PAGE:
3. A router as claimed in claim 1, wherein at least one of the first and second communications ports is a cellular transceiver.
4. A router as claimed in claim 3, wherein both of the first and second communications ports are cellular transceivers, and each of the first and second cellular transceivers is operable on a different network.
5. A router as claimed in claim 4, wherein the cost of each cellular transceiver depends at least in part on the network it uses.
6. A router as claimed in claim 1, wherein the processor is configured to establish a communications channel with the intermediate host via each communications port and to establish a secure connection with the intermediate host via at least one of the communications channels.
7. A router as claimed in claim 6, wherein the processor is configured to establish an encrypted connection on each of the communications channels.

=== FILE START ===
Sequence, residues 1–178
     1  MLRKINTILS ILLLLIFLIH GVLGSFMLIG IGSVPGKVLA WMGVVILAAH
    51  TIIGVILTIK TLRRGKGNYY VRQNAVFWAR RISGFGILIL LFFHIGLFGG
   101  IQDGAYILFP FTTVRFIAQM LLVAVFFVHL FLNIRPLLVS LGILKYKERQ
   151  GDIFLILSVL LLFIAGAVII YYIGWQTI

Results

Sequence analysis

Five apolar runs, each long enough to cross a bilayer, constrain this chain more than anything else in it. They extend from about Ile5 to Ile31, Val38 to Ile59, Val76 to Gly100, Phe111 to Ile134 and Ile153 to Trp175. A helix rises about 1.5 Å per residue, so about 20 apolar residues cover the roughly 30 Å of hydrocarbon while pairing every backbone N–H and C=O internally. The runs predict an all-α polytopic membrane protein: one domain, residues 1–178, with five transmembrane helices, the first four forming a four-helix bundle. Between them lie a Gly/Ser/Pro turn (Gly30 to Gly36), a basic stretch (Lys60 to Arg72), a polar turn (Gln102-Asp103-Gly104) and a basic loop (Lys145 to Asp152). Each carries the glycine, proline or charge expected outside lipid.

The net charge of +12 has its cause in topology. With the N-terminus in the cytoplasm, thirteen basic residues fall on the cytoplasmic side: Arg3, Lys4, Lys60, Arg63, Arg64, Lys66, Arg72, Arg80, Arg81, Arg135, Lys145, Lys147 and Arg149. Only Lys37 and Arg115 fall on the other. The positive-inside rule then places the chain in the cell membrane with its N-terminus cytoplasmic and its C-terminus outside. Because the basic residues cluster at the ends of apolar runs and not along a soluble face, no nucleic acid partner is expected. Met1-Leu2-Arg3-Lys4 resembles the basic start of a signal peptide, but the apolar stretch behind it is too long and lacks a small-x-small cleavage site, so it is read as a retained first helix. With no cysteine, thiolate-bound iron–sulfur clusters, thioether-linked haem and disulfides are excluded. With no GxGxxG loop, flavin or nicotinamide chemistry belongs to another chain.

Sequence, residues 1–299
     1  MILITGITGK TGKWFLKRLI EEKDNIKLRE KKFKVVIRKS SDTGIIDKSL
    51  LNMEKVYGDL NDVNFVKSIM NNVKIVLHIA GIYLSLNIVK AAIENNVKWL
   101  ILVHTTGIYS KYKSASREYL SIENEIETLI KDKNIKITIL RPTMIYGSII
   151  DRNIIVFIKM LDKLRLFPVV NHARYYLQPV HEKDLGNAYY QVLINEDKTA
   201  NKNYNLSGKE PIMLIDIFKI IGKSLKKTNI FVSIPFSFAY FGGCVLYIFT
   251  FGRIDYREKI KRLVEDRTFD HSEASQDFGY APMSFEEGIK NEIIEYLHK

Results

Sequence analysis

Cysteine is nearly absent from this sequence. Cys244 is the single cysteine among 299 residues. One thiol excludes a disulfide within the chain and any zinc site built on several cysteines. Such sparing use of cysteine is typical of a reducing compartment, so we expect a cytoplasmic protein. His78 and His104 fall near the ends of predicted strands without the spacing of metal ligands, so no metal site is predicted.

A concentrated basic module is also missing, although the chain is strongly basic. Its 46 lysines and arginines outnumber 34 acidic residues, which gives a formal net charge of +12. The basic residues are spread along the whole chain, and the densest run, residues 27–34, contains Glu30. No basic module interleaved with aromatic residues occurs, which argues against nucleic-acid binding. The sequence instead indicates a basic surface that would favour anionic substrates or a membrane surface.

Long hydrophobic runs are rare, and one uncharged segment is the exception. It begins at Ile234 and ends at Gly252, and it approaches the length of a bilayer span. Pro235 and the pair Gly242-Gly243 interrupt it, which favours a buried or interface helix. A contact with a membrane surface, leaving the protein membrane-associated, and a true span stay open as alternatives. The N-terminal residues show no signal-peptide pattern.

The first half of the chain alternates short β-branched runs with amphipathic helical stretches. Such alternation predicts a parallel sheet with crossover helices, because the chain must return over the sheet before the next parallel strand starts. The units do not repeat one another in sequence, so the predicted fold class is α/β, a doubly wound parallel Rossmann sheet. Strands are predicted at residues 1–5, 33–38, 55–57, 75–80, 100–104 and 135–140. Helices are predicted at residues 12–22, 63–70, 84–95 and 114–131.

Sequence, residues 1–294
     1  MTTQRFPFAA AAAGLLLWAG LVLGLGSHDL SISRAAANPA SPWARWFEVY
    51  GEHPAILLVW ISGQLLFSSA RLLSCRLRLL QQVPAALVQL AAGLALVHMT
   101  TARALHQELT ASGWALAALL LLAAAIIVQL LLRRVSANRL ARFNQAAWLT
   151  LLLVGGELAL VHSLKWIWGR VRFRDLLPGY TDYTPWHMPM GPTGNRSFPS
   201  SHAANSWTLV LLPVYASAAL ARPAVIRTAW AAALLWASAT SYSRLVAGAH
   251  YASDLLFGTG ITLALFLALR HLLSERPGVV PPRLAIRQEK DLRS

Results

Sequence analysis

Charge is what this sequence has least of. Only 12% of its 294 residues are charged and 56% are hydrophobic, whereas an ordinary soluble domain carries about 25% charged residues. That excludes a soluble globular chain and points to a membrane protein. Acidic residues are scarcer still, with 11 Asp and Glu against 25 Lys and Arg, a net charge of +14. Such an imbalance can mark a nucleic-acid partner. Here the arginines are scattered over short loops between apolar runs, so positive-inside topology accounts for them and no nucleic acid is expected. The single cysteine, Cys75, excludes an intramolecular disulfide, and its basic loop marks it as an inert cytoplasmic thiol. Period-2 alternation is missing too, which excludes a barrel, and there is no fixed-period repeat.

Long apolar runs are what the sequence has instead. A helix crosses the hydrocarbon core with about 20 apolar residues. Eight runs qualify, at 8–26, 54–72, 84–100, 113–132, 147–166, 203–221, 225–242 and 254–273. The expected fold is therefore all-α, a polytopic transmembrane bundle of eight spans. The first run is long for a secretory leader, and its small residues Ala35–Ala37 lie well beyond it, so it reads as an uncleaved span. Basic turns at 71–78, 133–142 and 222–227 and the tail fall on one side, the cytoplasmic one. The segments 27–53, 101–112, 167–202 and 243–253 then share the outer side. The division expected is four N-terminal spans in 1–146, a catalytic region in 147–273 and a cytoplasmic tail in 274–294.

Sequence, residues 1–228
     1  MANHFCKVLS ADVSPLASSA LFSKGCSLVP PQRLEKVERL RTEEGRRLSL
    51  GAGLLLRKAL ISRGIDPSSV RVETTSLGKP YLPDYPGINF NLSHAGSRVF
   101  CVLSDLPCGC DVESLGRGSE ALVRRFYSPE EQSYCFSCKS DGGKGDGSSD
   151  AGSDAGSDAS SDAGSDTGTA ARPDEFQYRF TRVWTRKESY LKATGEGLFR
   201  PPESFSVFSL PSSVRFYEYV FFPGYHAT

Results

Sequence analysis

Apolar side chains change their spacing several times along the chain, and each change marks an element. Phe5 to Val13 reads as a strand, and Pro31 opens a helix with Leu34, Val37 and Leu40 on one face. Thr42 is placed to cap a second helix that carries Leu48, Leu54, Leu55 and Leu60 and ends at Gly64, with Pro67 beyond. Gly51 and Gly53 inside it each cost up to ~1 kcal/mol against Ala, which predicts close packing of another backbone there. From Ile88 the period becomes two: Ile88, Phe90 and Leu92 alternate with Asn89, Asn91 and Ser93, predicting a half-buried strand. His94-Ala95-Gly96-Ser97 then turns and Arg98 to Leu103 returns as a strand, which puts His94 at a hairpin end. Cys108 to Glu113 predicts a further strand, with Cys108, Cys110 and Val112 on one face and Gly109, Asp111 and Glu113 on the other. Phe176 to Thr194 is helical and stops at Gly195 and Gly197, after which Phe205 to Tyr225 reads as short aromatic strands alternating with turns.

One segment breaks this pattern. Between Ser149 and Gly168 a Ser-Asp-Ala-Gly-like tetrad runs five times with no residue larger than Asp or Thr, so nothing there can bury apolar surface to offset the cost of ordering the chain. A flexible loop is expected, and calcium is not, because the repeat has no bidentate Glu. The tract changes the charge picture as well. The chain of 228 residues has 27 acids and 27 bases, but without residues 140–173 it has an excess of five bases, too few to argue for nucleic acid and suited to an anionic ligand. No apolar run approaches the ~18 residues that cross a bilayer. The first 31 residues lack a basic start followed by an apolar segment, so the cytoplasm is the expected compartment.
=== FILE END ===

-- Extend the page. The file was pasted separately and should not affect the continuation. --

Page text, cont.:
8. A router as claimed in claim 1, wherein the processor is configured to establish a single communications channel with the intermediate host across all of the two or more communications ports.
9. A router as claimed in claim 8, wherein the processor is configured to establish an encrypted connection on the single communications channel.
10. A router as claimed in claim 8, wherein the processor is configured to receive a single stream of data and to split the stream of data into at least two substreams, each substream going to a different one of the two or more communications ports.